Finally, your app must use a storyboard file for its Launch Screen and support all four interface orientations (Portrait, Upside-down Portrait, Landscape Left and Landscape Right) to be considered for running in a Slide Over panel or in Split View mode. To find out more about the new multitasking abilities of iOS 9, please see our Multitasking for iPad guide.

NSInternalInconsistencyException Exception

When compiling and running an existing Xamarin.iOS app for iOS 9 you might get an error in the form:

Objective-C exception thrown. Name: NSInternalInconsistencyException Reason: Application windows are expected to have a root view controller at the end of application launch

This is error is being raised because app Windows are expected to have a Root View Controller at the end of application launch and your existing app doesn't.

There are at least two possible workarounds for this problem:

  1. Update app to use storyboard file instead of xib files to define its User Interface. This one requires quite a lot of time depending on size of your app and knowledge of how to use the iOS Designer (or Xcode's Interface Builder) to layout storyboards. For more information, see our Introduction to Unified Storyboards documentation.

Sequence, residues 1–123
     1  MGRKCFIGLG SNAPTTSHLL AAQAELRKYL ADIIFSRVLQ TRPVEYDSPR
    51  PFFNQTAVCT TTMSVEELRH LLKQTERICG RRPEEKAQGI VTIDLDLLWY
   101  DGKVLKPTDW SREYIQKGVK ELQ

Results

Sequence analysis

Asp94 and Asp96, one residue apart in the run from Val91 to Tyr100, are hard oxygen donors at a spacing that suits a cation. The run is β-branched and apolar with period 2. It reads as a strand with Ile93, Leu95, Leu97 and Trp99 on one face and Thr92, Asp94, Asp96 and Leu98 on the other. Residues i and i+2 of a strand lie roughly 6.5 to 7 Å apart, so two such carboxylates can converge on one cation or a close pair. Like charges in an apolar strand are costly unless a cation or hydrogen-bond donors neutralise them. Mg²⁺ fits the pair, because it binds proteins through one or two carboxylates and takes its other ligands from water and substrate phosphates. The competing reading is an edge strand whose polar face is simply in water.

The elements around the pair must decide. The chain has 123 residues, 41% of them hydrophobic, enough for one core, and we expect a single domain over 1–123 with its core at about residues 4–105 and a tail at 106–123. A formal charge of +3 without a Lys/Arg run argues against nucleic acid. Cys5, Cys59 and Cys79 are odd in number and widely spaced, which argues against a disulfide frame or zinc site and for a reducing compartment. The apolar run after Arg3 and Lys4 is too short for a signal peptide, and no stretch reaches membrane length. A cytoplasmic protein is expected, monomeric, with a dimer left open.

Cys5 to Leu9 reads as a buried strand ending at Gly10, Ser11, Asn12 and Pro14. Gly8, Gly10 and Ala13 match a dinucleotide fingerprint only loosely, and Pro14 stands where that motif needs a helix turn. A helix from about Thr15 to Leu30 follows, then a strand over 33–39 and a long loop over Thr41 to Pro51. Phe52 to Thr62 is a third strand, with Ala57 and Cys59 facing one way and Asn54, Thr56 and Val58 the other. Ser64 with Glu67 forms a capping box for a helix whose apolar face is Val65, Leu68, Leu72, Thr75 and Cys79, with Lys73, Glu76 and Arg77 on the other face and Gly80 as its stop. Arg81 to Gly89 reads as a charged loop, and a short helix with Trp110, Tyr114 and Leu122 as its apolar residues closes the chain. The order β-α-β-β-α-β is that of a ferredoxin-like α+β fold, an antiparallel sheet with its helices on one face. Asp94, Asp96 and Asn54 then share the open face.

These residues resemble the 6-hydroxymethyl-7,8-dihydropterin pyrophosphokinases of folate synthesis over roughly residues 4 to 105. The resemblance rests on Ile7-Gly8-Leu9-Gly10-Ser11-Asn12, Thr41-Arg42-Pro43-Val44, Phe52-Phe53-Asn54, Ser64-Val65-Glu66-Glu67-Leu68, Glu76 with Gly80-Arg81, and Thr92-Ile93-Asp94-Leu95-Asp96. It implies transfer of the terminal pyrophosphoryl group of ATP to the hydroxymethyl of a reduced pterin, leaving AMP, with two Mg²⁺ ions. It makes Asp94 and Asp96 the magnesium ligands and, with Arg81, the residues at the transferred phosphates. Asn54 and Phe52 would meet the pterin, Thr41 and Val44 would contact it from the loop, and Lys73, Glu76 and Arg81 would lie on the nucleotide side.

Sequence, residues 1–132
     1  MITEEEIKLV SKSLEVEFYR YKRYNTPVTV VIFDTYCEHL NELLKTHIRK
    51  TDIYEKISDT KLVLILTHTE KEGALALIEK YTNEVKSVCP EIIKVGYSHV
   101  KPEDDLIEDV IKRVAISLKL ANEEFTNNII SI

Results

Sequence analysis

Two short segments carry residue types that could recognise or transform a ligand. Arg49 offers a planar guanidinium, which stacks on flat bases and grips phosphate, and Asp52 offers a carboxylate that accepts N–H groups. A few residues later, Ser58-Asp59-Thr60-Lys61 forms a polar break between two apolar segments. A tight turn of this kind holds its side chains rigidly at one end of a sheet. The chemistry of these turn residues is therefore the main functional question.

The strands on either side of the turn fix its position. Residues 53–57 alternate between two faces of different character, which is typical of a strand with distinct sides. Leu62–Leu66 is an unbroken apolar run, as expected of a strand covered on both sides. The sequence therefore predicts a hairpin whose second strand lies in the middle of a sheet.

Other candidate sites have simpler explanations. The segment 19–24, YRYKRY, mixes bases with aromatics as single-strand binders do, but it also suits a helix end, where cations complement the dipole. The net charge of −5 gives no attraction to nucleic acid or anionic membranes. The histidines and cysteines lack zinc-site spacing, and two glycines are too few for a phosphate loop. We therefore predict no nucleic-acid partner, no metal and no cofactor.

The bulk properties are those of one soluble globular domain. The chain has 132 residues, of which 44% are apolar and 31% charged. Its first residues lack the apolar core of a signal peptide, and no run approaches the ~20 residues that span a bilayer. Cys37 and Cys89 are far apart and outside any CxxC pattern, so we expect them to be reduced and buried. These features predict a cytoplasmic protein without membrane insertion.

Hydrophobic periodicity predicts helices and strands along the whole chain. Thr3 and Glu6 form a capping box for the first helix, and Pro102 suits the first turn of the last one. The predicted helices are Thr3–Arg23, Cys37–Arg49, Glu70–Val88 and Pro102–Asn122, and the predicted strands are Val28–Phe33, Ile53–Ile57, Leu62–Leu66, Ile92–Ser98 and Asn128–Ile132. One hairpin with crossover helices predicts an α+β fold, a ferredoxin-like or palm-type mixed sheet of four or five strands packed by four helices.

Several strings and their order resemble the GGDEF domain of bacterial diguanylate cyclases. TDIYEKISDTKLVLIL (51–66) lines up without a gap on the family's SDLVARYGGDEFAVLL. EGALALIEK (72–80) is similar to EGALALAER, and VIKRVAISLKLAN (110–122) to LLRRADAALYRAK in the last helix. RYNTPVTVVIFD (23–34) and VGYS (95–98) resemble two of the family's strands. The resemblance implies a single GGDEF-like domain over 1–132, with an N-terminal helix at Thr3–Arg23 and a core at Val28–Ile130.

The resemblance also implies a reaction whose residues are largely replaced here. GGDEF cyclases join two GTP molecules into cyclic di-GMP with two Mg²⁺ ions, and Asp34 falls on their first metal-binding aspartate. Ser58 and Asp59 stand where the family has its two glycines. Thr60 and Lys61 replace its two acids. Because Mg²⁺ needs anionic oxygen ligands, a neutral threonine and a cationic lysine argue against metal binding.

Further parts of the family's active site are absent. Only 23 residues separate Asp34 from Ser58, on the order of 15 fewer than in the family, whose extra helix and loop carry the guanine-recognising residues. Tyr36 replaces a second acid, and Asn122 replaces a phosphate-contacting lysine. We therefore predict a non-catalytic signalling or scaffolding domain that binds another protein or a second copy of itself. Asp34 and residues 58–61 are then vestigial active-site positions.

2. Setup RootViewController property of app Window in FinishedLaunching method in AppDelegate class to point to a View Controller in your app's UI.

When to Initialize Views and View Controllers

With Xamarin.iOS it’s possible to make View or View Controller initialization inside constructors which are called when something is exposed into managed code but it breaks iOS design.

In general you should not initialize anything that can call back Objective-C code from the constructor since you can't be sure when it will be called. That also means there's a better places (other .ctor) or calls to override (as Objective-C has no events) where this initialization should be done.